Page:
And lo and behold, he ran like a nut after a squirrel into a ditch and came out limping badly. This time the foot didn’t hit the ground for any reason and after a few days (of upping the turmeric to morning and night meals) we took him to the vet who declared it was probably his knee. We could pay close to $500 for an x-ray that might tell us something and then spend thousands for a surgery that might fix it…
But we knew his hip was an ongoing problem, and doubted surgery would fix it, because nothing was broken. We gave him some doggie pain reliever (a vet Rx) for a few weeks which helped him put his foot down again and my sister looked at him again, but this time he didn’t want anyone messing with him.
After a few weeks on the medicine we gradually took him off and started him back on the turmeric. He was walking almost normally again, but there was still a pronounced limp when walking. We wondered if we’d ever be able to take him on walks again (which he LOVES).
However, the turmeric was helping again and by the beginning of the summer Samson seemed almost normal. So I started walking with him on a leash – but only a quarter of his usual walk. As the summer wore on, I was able to gradually increase the amount he walked and now he’s walking the entire route – and even running a portion with me – with NO LIMPING at all, either during or after.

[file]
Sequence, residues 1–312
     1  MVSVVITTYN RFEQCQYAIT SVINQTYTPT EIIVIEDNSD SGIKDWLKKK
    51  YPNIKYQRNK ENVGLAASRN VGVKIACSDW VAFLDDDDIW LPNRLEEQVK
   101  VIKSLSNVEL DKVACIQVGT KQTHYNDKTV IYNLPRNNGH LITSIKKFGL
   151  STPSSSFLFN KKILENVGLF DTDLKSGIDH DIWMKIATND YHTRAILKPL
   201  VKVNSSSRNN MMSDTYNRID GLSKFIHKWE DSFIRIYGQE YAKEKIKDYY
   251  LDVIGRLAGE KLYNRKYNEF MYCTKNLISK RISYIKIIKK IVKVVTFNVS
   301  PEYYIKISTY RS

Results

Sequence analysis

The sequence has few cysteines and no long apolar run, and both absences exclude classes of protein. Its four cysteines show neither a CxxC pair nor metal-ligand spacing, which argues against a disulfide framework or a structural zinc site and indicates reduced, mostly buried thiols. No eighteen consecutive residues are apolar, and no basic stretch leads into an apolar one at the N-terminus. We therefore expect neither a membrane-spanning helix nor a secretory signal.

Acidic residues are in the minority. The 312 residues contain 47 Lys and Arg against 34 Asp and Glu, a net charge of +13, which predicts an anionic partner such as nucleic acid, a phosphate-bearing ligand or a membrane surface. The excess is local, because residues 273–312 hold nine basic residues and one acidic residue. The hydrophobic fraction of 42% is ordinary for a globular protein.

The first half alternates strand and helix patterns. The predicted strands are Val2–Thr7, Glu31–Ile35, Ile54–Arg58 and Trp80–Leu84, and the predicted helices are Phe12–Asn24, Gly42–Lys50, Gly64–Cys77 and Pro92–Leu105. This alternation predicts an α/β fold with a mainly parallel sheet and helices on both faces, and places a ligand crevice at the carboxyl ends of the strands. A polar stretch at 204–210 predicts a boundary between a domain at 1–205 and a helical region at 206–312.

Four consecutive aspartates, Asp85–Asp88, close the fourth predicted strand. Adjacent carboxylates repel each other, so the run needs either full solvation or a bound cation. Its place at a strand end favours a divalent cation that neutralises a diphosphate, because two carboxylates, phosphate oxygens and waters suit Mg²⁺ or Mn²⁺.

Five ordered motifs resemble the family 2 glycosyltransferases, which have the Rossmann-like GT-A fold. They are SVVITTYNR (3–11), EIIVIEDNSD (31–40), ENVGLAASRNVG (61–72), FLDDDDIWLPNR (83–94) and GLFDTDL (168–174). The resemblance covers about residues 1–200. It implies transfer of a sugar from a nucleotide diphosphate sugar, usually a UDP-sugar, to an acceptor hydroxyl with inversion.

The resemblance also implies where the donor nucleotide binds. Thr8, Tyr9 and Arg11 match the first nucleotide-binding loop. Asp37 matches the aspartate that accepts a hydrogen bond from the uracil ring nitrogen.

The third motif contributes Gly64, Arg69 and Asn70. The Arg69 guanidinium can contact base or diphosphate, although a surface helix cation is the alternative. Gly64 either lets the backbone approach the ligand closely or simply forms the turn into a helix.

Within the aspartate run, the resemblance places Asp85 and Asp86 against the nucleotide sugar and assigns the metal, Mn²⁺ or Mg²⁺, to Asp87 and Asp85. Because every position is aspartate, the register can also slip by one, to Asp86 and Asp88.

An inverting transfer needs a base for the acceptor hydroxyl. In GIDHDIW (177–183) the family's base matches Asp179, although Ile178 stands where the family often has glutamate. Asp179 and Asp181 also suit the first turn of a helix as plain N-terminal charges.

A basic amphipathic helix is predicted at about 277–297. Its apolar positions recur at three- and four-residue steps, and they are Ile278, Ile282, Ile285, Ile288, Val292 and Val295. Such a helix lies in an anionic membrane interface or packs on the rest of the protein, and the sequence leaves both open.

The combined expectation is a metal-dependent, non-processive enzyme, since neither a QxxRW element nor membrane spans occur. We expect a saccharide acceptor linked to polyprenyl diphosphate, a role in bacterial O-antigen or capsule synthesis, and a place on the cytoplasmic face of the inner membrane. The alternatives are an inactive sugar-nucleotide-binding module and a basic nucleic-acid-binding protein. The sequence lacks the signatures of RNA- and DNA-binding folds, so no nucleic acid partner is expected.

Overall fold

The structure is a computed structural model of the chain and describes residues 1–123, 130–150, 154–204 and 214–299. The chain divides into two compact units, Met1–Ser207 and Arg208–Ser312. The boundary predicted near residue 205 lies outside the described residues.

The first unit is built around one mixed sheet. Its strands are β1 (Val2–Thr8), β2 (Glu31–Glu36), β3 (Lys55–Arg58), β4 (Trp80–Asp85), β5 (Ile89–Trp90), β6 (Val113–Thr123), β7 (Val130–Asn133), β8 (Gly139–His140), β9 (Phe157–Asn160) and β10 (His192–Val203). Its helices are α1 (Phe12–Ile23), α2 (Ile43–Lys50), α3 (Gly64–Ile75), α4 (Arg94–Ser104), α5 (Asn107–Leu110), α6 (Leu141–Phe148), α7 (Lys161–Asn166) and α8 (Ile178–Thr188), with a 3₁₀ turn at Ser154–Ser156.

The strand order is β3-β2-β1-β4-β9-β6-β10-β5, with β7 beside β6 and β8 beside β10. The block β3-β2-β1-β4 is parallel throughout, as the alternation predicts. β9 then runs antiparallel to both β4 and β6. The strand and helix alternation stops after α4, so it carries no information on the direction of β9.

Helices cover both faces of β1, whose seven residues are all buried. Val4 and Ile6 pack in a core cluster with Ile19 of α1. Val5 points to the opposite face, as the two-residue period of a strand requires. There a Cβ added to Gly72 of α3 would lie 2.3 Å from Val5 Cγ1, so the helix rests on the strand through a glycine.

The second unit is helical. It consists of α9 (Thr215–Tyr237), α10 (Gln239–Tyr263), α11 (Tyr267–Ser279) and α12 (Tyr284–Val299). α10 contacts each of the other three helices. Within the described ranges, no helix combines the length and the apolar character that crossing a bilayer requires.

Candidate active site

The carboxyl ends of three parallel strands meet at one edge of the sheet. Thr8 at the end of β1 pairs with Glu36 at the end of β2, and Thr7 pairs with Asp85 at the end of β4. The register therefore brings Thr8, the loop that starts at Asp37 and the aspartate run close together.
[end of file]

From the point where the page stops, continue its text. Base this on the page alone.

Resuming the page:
His gait is completely normal again! Time and doggie medicine certainly helped him through the out-right injury, but turmeric is what keeps his inflammation down for the long-haul so that he can do all the things he loves to do. He favors the leg, as he’s always done, and limps a bit after getting up, but he’s able to walk and run like he did before.
So he’s one happy, nutty dog. And so are we.
Well – happy, that is. Not nutty or a dog. Just wanted to be clear on that.